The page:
Chen's Chinese Restaurant in Derry, on Broadway,
originally the Hood Family homestead
The famous Hood's Milk Bottle,
now located at the Children's Museum in Boston
Harvey Perley Hood
My uncle worked for the H. P. Hood Dairy from the 1950s until the 1990s. Uncle Bob lived in Manchester-by-the-Sea, Massachusetts. If you lived there in the 1970s until about 2004 you might remember Bob Wilkinson passing out “Hoodsie” ice creams in the Fourth of July Parade, or supplying the Hoods whipped cream for the Lions “Red, White and Blue Breakfast” on Tuck’s Point. In a strange coincidence, the Hood family owned a large summer mansion in Manchester-by-the-Sea, at the far end of Singing Beach. In an even stranger coincidence, the H. P. Hood blimp crashed into the woods of Manchester-by-the-Sea in 2006, not long after Uncle Bob passed away. But the Hood family is most famous for their dairy farm in Derry, New Hampshire.
Harvey Perley Hood was born in 1823 in Chelsea, Vermont, but removed to Boston to work before starting his dairy business. According to Hood’s archives, Mr. Hood started his dairy in Derry because the country air improved his health. He started the company in Charlestown, Massachusetts in 1846, and removed to Derry at the time he married, in 1850. At first he drove his milk to Charlestown by wagon, and then implemented the milk train, which carried the milk twice a day to the Charletown plant, which is still visible off Rt. 93.
The Hood home is now Chen’s Chinese Restaurant, across from the Hoodkroft Golf Course, on East Broadway in Derry. This building is now on the National Registry of Historic Places. The Hood name is all over Derry; Hood Plaza being where the dairy cows once grazed, and Hood Middle School on Hood Road was named for Gilbert H. Hood, Harvey’s descendant. That land was once a pasture for thousands of dairy cows. Traffic used to stop on Broadway each morning as the cows were moved from one field to another for grazing.
You can see photos of the Hood dairy farms in books such as “Derry Revisited” by Richard Holmes, the Derry town historian, published by Arcadia Published in 2005. You can see exhibits also at the Derry Museum of History http://www.derrymuseum.org/ Derry is no longer home to any dairy production, but Londonderry still reigns as the headquarters of Stonyfield Yogurt http://www.stonyfield.com/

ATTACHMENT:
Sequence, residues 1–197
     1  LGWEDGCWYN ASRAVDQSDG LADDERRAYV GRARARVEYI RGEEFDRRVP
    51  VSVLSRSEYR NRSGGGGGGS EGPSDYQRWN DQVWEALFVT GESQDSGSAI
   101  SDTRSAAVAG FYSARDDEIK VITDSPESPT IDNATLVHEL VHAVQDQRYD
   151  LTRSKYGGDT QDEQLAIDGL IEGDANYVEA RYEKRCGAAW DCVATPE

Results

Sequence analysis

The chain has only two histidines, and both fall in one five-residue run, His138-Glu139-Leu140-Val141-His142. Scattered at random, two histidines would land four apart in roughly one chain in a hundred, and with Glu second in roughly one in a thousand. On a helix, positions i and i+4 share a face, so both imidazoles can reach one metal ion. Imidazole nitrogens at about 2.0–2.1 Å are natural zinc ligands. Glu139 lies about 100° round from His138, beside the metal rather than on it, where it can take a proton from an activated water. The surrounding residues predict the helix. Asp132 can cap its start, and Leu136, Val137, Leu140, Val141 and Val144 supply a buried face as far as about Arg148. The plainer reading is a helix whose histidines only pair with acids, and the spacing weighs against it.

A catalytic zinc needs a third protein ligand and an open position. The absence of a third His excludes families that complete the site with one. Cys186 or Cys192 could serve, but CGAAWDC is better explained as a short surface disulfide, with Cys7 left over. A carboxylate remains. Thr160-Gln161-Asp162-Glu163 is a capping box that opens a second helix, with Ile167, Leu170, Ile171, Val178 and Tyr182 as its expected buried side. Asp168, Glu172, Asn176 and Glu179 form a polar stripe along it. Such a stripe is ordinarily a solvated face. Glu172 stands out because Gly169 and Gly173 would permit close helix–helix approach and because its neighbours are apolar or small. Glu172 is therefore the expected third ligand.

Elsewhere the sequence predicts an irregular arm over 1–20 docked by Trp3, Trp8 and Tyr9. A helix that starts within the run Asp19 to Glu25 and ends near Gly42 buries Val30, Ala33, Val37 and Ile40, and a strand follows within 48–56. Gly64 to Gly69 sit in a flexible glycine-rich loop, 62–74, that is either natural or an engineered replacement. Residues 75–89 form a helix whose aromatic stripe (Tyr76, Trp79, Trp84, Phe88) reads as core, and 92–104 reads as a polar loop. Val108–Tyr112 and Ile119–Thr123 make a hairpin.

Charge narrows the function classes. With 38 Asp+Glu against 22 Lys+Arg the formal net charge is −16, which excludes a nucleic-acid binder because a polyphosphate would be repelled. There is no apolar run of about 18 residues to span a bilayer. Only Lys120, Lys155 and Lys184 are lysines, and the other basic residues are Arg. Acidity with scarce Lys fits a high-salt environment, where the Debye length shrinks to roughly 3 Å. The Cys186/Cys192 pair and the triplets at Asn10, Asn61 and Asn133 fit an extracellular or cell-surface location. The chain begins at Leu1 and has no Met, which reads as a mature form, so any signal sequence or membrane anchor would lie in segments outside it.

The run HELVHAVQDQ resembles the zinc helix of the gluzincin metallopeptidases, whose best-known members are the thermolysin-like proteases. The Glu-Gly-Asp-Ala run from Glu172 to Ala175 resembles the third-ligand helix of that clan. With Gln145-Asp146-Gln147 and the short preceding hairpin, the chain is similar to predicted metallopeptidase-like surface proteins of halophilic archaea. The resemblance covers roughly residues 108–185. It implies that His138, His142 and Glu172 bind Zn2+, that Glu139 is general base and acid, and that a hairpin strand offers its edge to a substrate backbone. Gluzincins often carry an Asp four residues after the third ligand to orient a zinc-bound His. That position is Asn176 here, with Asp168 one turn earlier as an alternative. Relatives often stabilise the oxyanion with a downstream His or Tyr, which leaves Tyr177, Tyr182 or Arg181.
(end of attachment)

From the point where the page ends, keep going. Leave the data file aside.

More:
Historic New England has the manuscript collection of the Hood Dairy's business records and other items, please see this link http://www.historicnewengland.org/collections-archives-exhibitions/collections-access/collection-object/capobject?refd=CC001
The Hood Family Tree:
Gen. 1. John Hood, b. about 1600 in England, resided in Lynn, Massachusetts, married to Ann (?)
Gen. 2. Richard Hood, b. abt 1625 at Lyme Regis, Dorsetshire, England, d. 12 Sep. 1695 in Lynn; married about 1653 to Mary Newhall, daughter of Anthony Newhall and Mary White.
Gen. 3. Nathaniel Hood, b. 9 June 1669 at Lynn, d. 30 Oct 1748 at Topsfield, Massachusetts; married on 16 Oct. 1706 at Topsfield to Joanna Dwinnell, daughter of Michael Dwinnell and Mary (?)
Gen. 4. Nathan Hood, b. about 1701 in Topsfield, d. 4 May 1792; married on 6 Mar. 1730/1 in Rowley, Massachusetts to Elizabeth Palmer
Gen. 5. Nathan Hood, b. 10 Jan. 1739/40 in Topsfield, d. 23 Mar. 1772; married on 17 Feb. 1763 to Mary Perkins
Gen. 6. Enos Hood, b. 26 May 1767 at Chelsea, Vermont, d. 23 Apr. 1845 at Salem, Massachusetts; married on 29 Sep. 1791 to Gillen Lane.
Gen. 7. Harvey Hood, b. 1 June 1798 at Chelsea, Vermont, d. 18 Sep. 1879 at Chelsea; married on 23 Sep. 1821 to Rebecca Smith.
Gen. 8. Harvey Perley Hood, b. 6 Jan 1823 at Chelsea, Vermont, d. 17 June 1900 at Derry, New Hampshire; married on 5 May 1850 to Caroline Laura Corwin, daughter of John Corwin and Clarissa Thompson.
Copyright 2009, Heather Wilkinson Rojo